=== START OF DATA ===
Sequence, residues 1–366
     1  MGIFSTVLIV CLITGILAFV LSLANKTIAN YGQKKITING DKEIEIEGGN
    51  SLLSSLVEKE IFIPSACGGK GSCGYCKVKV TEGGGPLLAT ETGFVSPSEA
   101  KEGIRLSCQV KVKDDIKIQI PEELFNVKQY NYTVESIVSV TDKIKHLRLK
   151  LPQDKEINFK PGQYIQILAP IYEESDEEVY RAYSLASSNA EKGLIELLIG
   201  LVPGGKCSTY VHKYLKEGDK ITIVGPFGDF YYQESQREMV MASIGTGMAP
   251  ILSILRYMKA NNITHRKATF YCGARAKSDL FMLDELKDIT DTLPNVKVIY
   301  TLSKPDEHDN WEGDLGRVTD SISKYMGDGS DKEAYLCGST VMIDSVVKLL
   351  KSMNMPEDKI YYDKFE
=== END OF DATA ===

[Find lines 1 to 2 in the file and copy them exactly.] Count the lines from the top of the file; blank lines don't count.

Sequence, residues 1–366
     1  MGIFSTVLIV CLITGILAFV LSLANKTIAN YGQKKITING DKEIEIEGGN